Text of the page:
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at Scott Joplin House State Historic Site

The King of Ragtime

Portrait of Scott JoplinScott Joplin was born to Giles and Florence Joplin in northeast Texas among the first generation following Emancipation. He exhibited musical talent at an early age and was able to play several instruments as well as compose and improvise his own music. Mastering both the formal structure of classical music and the free-flowing, improvisational and artistic expression of Black musicians from the minstrel tradition, Joplin became a leading exponent of a new, syncopated musical genre. He was "The King of Ragtime Writers."

Traveling throughout the country, Joplin plied his musical trade in railroad towns and riverfront cities; his audiences were largely patrons of saloons, brothels and restaurants. However, his musical reputation soon transcended Black audiences and backroom venues and captured the listening ear of the middle class white community. By the late 1890s, he established roots in Sedalia, Missouri, where he studied music at George R. Smith College. While in Sedalia, his experimentation with intricate musical rhythms led him to create his first well-known published work, the "Maple Leaf Rag." In an era before instant communications, "Maple Leaf Rag" became a national sensation in the form of sheet music, printed by Joplin's Sedalia publisher, John Stark.

Buoyed by this success and a growing national reputation, Joplin moved to St. Louis in the spring of 1901. He moved into a room of the flat at 2658A Morgan St., now Delmar Boulevard. While living there for about a year and a half, he produced some of his better known compositions: "The Entertainer," "Elite Syncopations," "March Majestic" and "Ragtime Dance." With royalties coming in from his musical creations, he began to perform less and became more of a teacher and composer. During this productive time in St. Louis, Joplin also wrote his first major serious composition, an operatic piece called "A Guest of Honor," which had as its setting the Missouri Governor's Mansion in Jefferson City. The original score for this work was lost, and it can no longer be performed.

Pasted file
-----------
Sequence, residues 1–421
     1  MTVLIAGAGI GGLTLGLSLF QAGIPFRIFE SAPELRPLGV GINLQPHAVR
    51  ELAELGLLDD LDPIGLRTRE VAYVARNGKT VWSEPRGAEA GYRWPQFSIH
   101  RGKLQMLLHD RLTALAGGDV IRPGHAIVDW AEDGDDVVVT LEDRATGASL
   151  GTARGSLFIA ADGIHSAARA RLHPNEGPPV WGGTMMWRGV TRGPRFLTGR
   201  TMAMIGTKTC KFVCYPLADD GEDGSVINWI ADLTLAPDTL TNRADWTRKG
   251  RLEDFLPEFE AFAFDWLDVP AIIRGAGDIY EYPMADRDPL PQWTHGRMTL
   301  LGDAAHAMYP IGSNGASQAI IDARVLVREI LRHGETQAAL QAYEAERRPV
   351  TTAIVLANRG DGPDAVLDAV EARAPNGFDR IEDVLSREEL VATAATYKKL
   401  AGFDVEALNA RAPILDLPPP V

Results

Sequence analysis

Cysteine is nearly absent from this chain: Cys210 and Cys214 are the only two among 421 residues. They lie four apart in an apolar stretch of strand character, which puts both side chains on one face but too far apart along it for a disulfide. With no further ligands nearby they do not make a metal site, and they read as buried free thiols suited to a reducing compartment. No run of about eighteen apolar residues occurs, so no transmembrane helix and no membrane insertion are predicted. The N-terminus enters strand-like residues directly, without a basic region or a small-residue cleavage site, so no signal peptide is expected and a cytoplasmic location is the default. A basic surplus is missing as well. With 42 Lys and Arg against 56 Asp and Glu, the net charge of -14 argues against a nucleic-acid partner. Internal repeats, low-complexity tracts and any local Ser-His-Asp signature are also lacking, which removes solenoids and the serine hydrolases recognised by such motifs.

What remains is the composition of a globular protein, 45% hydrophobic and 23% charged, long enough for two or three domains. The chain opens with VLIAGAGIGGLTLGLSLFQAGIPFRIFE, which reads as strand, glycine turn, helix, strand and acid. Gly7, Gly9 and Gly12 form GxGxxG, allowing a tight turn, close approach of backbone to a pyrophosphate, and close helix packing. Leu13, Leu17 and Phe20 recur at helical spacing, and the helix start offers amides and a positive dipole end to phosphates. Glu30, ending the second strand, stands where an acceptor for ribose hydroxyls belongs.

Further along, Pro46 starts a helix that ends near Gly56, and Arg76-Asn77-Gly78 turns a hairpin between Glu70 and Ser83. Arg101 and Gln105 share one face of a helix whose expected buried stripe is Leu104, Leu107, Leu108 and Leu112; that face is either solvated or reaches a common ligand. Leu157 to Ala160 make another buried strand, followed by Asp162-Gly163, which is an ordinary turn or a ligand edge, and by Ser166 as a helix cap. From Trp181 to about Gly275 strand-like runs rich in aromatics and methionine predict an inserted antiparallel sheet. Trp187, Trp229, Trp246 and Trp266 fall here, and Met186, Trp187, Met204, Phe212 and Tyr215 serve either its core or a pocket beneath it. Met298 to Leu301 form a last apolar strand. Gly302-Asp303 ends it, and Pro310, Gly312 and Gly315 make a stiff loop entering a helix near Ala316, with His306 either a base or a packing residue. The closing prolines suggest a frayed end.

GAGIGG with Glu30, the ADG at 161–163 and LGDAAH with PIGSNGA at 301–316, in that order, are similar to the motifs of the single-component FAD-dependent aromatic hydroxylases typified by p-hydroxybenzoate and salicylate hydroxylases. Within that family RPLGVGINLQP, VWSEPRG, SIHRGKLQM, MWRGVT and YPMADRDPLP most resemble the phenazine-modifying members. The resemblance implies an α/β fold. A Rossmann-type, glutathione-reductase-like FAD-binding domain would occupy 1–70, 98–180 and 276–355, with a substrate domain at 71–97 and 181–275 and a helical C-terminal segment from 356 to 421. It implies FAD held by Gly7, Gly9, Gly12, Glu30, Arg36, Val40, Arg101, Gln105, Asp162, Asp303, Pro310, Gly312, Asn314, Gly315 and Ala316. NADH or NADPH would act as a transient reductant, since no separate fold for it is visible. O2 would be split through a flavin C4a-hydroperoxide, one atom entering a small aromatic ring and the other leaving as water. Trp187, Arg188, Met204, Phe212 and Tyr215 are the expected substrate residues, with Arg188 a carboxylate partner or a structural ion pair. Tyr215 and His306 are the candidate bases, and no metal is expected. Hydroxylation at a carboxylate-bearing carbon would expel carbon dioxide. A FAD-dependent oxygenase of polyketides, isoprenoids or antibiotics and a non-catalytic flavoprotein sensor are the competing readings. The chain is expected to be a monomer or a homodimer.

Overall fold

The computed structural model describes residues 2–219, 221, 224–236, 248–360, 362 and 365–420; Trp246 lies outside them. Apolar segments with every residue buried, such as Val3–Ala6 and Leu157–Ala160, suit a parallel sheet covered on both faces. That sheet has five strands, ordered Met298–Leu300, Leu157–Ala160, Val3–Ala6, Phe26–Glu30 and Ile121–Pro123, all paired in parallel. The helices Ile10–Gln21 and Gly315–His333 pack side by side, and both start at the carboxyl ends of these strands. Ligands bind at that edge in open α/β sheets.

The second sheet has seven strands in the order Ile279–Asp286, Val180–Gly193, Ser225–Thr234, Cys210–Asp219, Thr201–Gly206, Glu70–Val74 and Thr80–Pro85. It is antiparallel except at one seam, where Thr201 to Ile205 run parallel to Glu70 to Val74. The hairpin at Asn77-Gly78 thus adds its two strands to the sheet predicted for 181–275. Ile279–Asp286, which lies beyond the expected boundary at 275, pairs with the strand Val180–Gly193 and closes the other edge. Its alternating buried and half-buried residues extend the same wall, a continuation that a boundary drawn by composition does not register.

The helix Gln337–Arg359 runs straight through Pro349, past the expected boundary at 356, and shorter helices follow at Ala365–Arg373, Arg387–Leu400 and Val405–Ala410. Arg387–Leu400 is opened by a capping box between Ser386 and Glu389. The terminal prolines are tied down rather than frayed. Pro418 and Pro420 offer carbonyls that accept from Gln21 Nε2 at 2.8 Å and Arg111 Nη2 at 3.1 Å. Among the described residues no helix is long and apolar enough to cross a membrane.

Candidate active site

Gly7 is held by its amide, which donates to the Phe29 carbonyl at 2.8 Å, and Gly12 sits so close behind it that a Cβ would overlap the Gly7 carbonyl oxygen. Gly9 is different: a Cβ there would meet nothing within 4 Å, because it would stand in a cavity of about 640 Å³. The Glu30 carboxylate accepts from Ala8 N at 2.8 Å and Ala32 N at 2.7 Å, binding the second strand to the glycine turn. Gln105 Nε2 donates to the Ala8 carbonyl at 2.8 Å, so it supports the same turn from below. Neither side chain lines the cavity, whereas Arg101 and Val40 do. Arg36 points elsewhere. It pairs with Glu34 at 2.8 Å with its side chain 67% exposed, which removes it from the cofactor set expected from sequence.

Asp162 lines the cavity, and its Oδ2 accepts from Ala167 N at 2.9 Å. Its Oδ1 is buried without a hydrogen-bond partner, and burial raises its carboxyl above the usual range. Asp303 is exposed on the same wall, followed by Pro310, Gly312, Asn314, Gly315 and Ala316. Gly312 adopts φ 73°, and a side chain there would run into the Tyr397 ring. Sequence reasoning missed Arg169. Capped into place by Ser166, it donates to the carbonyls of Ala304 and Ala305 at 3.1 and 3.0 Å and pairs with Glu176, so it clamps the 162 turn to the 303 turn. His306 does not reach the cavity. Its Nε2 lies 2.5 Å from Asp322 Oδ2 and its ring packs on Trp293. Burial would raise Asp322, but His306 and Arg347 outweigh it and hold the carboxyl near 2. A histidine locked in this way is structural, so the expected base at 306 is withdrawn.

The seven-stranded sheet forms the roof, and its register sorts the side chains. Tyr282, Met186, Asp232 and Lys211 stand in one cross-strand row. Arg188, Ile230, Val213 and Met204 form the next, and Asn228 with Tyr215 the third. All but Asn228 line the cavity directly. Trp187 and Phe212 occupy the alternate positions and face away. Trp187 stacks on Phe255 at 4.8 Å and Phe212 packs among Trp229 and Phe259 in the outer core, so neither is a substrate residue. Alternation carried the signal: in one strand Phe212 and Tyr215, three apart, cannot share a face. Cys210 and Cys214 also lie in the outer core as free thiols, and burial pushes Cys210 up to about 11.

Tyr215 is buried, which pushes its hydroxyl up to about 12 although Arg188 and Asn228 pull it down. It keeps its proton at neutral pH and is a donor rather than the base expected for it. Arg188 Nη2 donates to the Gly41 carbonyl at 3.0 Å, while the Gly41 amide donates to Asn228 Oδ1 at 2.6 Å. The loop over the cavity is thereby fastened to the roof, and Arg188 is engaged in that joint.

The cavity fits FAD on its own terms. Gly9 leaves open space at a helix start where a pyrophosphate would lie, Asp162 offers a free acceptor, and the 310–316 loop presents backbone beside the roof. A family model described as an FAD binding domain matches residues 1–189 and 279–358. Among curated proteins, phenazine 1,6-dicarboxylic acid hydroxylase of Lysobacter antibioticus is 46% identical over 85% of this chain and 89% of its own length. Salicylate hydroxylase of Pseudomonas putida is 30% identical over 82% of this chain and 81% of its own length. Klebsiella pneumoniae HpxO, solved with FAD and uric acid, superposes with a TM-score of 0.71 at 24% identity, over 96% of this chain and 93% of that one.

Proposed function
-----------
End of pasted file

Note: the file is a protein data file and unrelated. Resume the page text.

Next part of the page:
In 1907, Joplin moved to New York to increase national recognition and further his success. Following his inability to stage his most ambitious work, the opera "Treemonisha," and weakened by a fatal disease, he died April 1, 1917, at the age of 49. He was buried in a grave that remained unmarked until 1974.

Ragtime enjoyed a renaissance in the early 1970s when the motion picture "The Sting" used "The Entertainer" as its theme music. Today, ragtime remains a part of the American musical scene.

Joplin's St. Louis home was placed on the National Register of Historic Places in 1976, and in 1984 Macler Shepard donated the property to the Department of Natural Resources' Division of State Parks. The visitor center exhibits depict the history of the site and the neighborhood along with additional details about his life and work. The working player piano in the music room allows visitors to listen to piano rolls of the ragtime era, including some that were cut by Joplin himself. The second-floor flat he shared has been furnished unpretentiously, in turn-of-the-century style. Gas lights, calcimine paint and antique furnishings re-create the modest lodgings of Joplin's St. Louis years. Complementing the restored Joplin flat is The Rosebud, a replica of the turn-of-the-century bar and gaming club owned by Tom Turpin that once operated in the area.